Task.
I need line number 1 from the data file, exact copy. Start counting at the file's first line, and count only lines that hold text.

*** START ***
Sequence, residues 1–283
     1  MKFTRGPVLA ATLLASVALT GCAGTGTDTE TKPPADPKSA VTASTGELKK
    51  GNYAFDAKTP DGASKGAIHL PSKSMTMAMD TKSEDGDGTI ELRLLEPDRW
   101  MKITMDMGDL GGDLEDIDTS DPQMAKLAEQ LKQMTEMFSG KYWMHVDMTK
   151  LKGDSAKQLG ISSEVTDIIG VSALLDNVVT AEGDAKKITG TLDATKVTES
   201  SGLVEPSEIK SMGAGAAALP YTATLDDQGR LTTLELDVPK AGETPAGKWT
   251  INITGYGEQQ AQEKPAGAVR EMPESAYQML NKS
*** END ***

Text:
Sequence, residues 1–283